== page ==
Infotainment, Tech and Connectivity
The driver instrument cluster is a combination of old-school speedometer dial and 7.0-inch TFT display for driving range, driving efficiency and other performance monitors. The 8.0-inch multimedia screen has built-in Apple CarPlay and Android Auto, with media playback, satellite navigation, digital radio and screens for driving range and energy usage, using the latest Nissan Connect software interface
There is also an eight-speaker Bose sound system with a subwoofer in the boot, but the sound quality isn’t all that impressive. The Leaf has a 360-degree surround-view camera set-up and an energy regeneration system that slows the car when the accelerator is lifted.
The Nissan Connect software is intuitive and quick to respond to inputs, though the audio system is not particularly impressive.
The Leaf was ANCAP tested in 2018 and earned a five-star rating that will time-out at the end of 2023. It scored 93 per cent for adult occupant protection, 85 per cent for child occupant protection, 71 per cent for vulnerable road user protection and 70 per cent for safety assist.
It has intelligent forward collision warning with emergency braking, lane-departure warning with steering intervention, blind-spot warning and rear cross-traffic alert. It also has six airbags front and back, and two ISOFIX anchor points in the back seat.
The Nissan Leaf has been rated as a Top Safety Pick by the Insurance Institute for Highway Safety. It has a suite of driver assistance and safety features, including automated emergency braking, blind-spot monitoring, lane-keeping assistance, rear cross-traffic alert, and rear parking sensors.
The Leaf comes with a five-year, unlimited-kilometre warranty that also includes 24-hour roadside assist. Servicing the Leaf happens in 12-month or 20,000km intervals, and will cost $852 for the first three years or $1476 over five years under Nissan’s capped-price servicing plan. The comprehensive insurance quote for the Leaf is surprisingly high for a $60,000 car at $2073.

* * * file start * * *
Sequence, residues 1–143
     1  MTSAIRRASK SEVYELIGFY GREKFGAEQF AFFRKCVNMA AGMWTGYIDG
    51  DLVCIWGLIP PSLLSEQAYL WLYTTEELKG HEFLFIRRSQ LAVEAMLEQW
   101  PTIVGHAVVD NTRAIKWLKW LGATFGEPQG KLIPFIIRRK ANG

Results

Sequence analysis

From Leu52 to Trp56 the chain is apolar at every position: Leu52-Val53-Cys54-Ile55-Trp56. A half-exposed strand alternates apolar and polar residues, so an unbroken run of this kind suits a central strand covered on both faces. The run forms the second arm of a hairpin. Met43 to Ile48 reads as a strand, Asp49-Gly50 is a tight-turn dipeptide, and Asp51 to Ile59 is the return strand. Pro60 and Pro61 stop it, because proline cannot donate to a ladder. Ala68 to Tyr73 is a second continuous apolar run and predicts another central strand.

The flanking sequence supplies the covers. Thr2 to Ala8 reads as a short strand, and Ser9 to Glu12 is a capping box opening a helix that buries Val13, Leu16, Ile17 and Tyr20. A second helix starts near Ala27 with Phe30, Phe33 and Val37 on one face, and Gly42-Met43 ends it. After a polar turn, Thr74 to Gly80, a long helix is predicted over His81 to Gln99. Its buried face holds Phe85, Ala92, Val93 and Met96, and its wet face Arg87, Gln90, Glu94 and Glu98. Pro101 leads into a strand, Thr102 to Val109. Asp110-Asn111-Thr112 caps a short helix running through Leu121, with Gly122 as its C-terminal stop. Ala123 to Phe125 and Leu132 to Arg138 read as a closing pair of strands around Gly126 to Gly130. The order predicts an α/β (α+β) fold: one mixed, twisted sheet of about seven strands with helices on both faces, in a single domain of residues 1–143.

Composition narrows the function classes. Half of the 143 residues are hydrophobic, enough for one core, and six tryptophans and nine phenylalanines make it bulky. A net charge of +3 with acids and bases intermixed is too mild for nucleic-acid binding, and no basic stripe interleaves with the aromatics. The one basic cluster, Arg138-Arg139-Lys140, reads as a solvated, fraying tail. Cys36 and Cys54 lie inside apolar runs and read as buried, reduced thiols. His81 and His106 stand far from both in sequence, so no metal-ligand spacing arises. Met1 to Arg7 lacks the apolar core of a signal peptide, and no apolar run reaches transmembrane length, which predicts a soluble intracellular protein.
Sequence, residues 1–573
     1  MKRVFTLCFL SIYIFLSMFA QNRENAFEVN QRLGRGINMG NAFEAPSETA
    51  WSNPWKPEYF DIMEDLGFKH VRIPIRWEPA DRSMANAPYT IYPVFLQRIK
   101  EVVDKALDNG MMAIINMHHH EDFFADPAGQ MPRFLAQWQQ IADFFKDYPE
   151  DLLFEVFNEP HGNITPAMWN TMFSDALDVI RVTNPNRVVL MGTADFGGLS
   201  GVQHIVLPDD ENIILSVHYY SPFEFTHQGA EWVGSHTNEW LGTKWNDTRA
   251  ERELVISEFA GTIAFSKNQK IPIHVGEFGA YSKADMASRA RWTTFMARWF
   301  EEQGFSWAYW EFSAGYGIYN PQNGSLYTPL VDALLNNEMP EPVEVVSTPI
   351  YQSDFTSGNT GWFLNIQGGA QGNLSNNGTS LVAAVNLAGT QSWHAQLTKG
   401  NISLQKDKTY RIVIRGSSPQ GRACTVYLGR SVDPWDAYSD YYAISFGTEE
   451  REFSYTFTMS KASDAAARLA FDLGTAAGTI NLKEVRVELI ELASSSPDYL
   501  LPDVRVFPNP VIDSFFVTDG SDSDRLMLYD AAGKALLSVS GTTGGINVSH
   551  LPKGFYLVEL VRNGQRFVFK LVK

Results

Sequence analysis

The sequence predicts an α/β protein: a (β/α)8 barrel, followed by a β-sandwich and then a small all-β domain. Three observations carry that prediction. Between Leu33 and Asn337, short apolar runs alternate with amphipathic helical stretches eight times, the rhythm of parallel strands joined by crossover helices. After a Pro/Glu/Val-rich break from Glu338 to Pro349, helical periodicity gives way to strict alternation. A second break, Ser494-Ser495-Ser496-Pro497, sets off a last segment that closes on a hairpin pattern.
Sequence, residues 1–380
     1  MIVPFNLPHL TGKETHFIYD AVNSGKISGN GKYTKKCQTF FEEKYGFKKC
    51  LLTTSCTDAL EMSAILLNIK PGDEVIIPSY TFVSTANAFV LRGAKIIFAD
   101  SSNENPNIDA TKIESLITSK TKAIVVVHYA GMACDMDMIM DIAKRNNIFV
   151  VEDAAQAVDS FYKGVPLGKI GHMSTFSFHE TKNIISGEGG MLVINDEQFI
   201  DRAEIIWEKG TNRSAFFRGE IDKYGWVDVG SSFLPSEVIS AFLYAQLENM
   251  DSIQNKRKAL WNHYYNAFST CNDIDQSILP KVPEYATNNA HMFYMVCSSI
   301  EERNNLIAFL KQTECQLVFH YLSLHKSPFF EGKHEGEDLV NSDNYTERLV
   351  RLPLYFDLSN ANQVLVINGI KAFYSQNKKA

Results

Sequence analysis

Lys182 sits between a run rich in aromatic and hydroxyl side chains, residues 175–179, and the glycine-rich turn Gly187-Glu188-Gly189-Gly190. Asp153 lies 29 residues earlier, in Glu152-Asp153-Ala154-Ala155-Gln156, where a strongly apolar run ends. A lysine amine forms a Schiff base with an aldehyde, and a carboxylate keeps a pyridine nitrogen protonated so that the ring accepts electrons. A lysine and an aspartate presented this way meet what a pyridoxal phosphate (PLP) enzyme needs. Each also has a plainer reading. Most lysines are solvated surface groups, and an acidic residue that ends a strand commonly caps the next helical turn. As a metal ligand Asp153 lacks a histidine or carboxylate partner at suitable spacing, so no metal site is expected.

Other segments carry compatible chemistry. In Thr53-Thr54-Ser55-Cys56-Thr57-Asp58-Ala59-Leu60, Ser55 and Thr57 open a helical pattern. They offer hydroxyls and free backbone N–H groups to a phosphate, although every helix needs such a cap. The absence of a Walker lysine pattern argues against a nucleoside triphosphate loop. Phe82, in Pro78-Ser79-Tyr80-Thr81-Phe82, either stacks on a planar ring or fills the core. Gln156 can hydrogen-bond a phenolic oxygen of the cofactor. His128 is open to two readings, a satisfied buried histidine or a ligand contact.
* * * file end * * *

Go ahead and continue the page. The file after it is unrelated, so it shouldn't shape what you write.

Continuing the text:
The Leaf drives, rides and steers as effectively as a commuter car should, and it is quiet, has a decent amount of accelerative urge and brakes smoothly. There are close to 50 buttons scattered around the Leaf’s interior, and some of them are in strange positions.
It also has an energy regeneration system and one-pedal mode, and an eight-speaker Bose sound system with a subwoofer in the boot. It comes with a five-year, unlimited-kilometre warranty and servicing costs $852 for the first three years or $1476 over five years. The comprehensive insurance quote is surprisingly high for a $60,000 car at $2073.
The 2023 Nissan Leaf EV is a great option for those who are looking for a budget-friendly entry into the world of EVs. It has a reasonable price and a comfortable interior with modern tech features. However, its driving range and charging technology are not quite as advanced as some of its competitors.
|Number Of Seats
Estimated Energy Efficiency
|215 HP (218 PS)
|Acceleration 0-100 km/h
|0 lbs (0 kg)
|Fast Charge Power Max
|46 kW DC
|Fast Charge Time
|Adult Safety Rating
|Child Safety Rating
|Date Of Availability
|£34,945 / $43,000
Estimated Carbon Efficiency (Grid/Country Dependent)
|95 gCO2/mi (59 gCO2/km)
|8 gCO2/mi (5 gCO2/km)
|21 gCO2/mi (21 gCO2/km)
|26 gCO2/mi (16 gCO2/km)
|Efficient Gas Car
|272 g CO2/mi (170 g CO2/km)
|WLTP Range (km)
|177 inches (4490 mm)
|70 inches (1788 mm)
|61 inches (1540 mm)
|Cargo (Trunk or Boot) Volume
|15 cu ft (420 L)
|0 cu ft (0 L)